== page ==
Q&A – Violets in Dish Gardens

 

Karin asked Annie:

Q If you have several African violets in a dish garden or terrarium, do they all need to be in bloom? Or can you use some for texture and landscaping – using their shape and foliage, even though they are shy bloomers. Then add at least one blooming specimen…

One plant that comes to mind is Senk’s Anemone – but also some micro trailers – they would definitely add interest, but I’ve yet to see them bloom.

A Karin, this is a great question, and you’ve touched on a grey area!  My initial thought is that if it’s an African violet in a dish garden or terrarium, it probably needs to be in bloom (this is what I was taught).  The section that addresses this in the Handbook for Grower, Exhibitors, and Judges is on page 70, but it could be interpreted in more than one way so I ran it by Joyce as she is an experienced designer.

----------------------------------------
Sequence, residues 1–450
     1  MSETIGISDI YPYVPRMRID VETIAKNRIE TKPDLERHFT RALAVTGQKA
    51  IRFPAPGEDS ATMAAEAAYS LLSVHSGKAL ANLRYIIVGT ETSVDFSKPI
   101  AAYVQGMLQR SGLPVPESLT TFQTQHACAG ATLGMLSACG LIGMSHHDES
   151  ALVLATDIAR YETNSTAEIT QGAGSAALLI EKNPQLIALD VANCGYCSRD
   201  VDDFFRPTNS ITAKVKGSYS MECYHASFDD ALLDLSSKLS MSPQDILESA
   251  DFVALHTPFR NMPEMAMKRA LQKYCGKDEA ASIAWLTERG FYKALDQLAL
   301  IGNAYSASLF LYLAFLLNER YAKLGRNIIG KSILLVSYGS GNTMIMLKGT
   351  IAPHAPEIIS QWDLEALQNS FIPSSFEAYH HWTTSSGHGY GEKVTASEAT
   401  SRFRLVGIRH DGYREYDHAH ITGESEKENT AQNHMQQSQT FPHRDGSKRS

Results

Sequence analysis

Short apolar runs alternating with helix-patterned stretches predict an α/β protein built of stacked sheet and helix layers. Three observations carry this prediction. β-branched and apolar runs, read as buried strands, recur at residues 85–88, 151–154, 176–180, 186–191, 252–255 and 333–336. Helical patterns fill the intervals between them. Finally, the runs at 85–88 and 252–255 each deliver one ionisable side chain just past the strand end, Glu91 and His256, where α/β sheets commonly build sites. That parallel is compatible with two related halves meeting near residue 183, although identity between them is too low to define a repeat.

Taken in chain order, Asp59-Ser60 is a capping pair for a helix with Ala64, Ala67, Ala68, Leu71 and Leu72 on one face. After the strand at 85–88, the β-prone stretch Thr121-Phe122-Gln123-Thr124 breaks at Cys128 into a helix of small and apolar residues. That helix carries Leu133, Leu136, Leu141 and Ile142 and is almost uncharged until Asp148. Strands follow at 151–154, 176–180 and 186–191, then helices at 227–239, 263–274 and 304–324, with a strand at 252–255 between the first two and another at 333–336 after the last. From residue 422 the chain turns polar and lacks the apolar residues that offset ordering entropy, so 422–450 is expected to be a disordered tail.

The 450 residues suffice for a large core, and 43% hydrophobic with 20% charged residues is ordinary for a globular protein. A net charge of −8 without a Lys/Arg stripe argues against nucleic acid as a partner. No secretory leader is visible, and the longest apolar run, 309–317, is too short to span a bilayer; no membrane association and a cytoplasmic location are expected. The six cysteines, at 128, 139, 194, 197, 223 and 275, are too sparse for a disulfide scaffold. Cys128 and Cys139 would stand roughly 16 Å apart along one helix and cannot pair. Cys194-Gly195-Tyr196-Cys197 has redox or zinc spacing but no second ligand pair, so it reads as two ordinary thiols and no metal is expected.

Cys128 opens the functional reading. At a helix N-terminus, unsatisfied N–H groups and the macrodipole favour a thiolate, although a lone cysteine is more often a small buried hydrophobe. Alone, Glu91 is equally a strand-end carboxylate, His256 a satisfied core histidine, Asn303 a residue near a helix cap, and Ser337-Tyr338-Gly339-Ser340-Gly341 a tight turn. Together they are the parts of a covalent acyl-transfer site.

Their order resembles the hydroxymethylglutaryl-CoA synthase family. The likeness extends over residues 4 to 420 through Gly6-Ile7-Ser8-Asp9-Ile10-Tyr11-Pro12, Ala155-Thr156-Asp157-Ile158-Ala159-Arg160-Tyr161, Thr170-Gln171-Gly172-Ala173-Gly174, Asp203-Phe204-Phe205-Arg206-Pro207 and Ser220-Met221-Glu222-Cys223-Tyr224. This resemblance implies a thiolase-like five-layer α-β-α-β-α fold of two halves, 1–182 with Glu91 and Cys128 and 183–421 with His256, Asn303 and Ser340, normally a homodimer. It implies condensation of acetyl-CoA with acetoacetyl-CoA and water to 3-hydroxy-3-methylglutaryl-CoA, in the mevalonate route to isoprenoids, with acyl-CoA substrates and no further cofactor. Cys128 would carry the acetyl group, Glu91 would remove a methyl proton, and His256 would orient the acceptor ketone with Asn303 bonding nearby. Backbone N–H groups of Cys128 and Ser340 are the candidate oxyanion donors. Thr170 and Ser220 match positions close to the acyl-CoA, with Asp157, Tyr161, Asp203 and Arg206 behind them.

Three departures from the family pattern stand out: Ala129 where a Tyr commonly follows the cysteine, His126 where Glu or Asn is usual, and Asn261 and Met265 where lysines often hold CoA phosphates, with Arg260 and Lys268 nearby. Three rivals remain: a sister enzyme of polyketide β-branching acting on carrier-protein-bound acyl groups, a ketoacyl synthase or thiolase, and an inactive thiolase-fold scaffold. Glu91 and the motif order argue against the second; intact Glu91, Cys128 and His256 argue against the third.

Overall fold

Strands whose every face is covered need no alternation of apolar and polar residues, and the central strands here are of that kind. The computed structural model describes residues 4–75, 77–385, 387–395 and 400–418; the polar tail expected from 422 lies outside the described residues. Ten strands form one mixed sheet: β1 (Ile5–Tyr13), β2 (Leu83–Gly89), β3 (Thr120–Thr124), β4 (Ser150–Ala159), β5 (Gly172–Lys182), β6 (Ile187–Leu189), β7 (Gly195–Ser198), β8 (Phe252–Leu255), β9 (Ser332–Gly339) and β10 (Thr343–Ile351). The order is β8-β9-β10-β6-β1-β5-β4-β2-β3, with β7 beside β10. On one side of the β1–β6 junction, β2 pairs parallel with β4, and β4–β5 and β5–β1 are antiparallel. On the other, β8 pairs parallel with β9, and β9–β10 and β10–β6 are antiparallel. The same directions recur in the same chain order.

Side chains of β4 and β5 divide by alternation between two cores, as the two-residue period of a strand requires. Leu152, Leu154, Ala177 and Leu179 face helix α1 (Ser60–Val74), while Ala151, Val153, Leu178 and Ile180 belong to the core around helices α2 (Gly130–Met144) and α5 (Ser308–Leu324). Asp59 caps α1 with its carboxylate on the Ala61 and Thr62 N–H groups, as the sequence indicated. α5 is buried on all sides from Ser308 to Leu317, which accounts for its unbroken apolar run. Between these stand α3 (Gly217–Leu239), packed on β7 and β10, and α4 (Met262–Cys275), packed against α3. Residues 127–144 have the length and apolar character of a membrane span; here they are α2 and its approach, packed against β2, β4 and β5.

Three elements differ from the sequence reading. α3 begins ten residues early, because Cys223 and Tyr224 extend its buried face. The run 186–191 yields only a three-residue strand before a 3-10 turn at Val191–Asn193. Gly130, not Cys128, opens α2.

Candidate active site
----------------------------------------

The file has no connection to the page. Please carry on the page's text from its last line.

Here is Joyce’s take:  “This is a gray area, but I think Karin could do exactly what she is proposing without breaking the rules. Each panel of judges makes its own call, however, so there’s no guarantee. The rule [on page 70 of the Handbook] which applies states:

Container Gardens are miniature scenes in which one or more blooming African violet plants, along with other plants are actually planted and growing in the container.

I think that most judging panels which saw one or more blooming African violets in a container garden would feel that the rule was satisfied. However, what exactly is meant by other plants? Is a non-blooming African violet just another plant? Or does “other” mean not-an-African-violet? That’s the gray area. It isn’t impossible that a judging panel might opt for an extremely strict interpretation. It’s actually a question that would be well-placed in front of the Shows and Judges Committee for a ruling – in which case the gray area would be removed. Although… Shows and Judges might rule against you… and if you don’t ask, you could probably do this 90% of the time without anyone objecting.”

 

 If you have a question about African Violets that you would like answered, you can submit it at  Ask Annie!